On top of that, Danny further emphasised the importance of comparative study with other countries/jurisdictions. Given the experience and exposures Danny as an academic possesses, this lunch chat was great.

Thanks Danny! (p.s.: Since 30th July 2009, Danny has been appointed to run the US Government Internet Policy Unit under the new US administration)

New Menu for My Dessert-ation…

Al-Shami Lebanese Restaurant

Al-Shami Lebanese Restaurant

  • Day/Date: Monday, 14.07.08
  • Time: 21:14
  • Scene: Dinner at Al-Shami Restaurant, Oxford
  • Menu:  …. (have to ask Gerry again, he knew the names of all the food served!)

The summer school students and faculties were having very delicious dinner serving Middle-Eastern food. I was sitting next to Professor Gerald J. Sussman from MIT and Prof Bill Dutton, the director of the OII. We had a warm and friendly chats, especially with Prof Gerald (or Gerry), ranging from American politics & election to Indonesian coffee (Gerry surprisingly mentioned a fact which i don’t know, that the best coffee from indonesia is ‘Mandailing coffee’). We also chat about one of the best movies each of us had watched: The Beautiful Minds.

I have to thank Gerry especially for his brief insight on what I need to include in my research. He particularly suggested the inclusion of the issue of product liability pertaining to consumer protection against defective software, etc., so as not to unjustifiably cause the loss it the users.

We dispersed at around 10pm. and spray of rain started, briefly lasted though. Thanks to the OII for the treat!

‘Can Internet really works?’ Asks Jonathan Zittrain

Lectures in the second Day feature Prof Jonathan Zittrain from Harvard University’s Berkman Cyberlaw Centre, and Prof. Daniel Weitzner from the Massachusetts Instititute of Technology (MIT)

Jonathan’s presentation’s ttile was ‘Civic Technologies and the Future of the Internet’. Meanwhile, Daniel talks about ‘Information Accountability’.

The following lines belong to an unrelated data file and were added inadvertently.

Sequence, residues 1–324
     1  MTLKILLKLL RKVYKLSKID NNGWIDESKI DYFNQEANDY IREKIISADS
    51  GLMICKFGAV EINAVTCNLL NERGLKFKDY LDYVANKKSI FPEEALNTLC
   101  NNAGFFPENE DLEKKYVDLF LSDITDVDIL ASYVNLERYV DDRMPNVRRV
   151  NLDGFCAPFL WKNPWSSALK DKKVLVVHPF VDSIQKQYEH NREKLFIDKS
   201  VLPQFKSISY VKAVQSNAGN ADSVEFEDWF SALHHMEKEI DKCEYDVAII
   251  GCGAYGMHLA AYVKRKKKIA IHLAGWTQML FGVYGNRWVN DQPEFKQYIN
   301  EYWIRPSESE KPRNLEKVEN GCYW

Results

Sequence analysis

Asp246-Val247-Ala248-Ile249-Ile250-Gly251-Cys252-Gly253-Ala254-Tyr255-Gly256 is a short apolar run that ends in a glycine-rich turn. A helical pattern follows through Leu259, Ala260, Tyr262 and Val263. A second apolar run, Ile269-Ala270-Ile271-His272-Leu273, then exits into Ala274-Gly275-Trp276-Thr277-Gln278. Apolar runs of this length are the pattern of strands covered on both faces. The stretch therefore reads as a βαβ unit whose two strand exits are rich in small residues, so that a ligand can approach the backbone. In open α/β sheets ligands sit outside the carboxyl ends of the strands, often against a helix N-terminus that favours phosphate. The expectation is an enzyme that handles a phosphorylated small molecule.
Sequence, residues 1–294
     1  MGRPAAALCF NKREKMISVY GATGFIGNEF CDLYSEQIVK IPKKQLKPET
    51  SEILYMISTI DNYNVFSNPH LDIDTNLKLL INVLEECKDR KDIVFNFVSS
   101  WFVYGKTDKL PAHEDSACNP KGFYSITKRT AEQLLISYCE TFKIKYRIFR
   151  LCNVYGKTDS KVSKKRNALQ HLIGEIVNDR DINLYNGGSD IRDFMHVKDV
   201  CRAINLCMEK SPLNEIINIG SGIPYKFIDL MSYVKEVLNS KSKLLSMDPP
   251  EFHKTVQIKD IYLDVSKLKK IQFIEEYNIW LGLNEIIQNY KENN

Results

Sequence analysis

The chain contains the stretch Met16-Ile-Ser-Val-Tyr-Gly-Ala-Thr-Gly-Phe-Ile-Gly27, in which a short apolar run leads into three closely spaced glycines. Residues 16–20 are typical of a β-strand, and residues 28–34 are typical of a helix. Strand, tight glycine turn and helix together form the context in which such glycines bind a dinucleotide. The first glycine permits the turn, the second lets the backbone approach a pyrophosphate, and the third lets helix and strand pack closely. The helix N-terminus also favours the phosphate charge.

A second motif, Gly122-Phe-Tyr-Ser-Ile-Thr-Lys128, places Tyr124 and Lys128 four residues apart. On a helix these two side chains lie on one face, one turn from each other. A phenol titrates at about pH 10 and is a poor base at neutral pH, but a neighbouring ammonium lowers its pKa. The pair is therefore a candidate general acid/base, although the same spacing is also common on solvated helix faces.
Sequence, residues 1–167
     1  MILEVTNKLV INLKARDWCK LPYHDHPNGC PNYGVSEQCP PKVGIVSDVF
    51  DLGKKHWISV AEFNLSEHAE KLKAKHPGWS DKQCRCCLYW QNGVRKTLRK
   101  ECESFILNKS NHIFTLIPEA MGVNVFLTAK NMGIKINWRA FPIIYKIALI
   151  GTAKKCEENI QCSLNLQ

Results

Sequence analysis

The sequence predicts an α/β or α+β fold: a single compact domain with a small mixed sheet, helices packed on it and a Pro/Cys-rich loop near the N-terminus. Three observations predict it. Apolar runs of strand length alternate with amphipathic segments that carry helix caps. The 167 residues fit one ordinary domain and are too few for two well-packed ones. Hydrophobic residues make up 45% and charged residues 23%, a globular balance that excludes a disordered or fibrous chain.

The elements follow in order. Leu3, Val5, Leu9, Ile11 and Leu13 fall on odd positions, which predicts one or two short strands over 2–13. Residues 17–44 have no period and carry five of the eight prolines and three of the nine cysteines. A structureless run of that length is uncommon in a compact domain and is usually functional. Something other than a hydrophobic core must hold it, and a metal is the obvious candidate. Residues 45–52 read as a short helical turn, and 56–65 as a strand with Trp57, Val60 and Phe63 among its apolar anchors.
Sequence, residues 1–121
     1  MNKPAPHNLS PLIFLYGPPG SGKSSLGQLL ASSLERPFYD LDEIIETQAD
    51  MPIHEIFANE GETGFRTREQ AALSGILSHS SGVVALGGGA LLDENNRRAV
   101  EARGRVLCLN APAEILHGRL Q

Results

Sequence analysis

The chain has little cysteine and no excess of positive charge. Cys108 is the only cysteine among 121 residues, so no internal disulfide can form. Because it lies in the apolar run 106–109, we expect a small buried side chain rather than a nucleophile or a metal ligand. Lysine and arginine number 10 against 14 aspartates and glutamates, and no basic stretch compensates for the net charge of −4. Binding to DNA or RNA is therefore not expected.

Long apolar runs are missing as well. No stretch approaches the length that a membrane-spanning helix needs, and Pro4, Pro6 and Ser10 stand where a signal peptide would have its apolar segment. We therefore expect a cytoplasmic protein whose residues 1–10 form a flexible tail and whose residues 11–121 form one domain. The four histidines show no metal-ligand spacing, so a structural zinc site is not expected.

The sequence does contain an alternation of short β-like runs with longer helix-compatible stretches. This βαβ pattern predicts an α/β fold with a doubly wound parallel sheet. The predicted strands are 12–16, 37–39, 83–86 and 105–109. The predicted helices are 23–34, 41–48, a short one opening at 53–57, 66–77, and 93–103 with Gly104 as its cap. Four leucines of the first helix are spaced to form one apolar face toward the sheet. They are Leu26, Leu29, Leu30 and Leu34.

Copyright Sealed in an Envelope

Oxford Summer Programme, Day One.


Kevin from the States told us this story in his presentation. Since he was six or so, he was taught how to understand and protect copyright for his works. In order to establish such right, they believed they would have to write a letter to themselves, writing about the work and right established thereform, and sent to themselves through a post office (kevin, correct me if I’m wrong). Once received, the envelope would be kept without first opening the content. So it’s kept selaed. This would become a proof in future to show that the copyright over his particular work does exist. This was known as ‘poorman’s copyright’.

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Off to Oxford

KL International Airport. 13.07.08, 03:13.



Thanks to Faisal abu Azama dan Halim Abu Abdil Aziz…. mereka nganter aku ke KL Sentral. Terus ambil ERL ke KLIA. Sekarang waktu menunjukkan jam 3.13 pagi. Aku udah duduk lebih sejam nunggu di luar boarding room. Insya Allah sebentar lagi boarding. Pesawat ke Doha dijadualkan jam 4.15, Kelihatannya cukup rame juga yang boarding. Tapi sampe Qatar nanti pasti nyebar. Hmm.. aku udah ga sabar pengen dapet senderan bisa tidur… badan capek dan agak kurang enak badan. untung tadi istriku tersayang udah nelpon, dan sebelumnya juga udah ngobrol banyak ama ayah ibu.. dan udah denger suara Utaz dan Ulya juga… jadi pikiran dan perasaanku tenaang… Bismillah. Mau boarding dulu…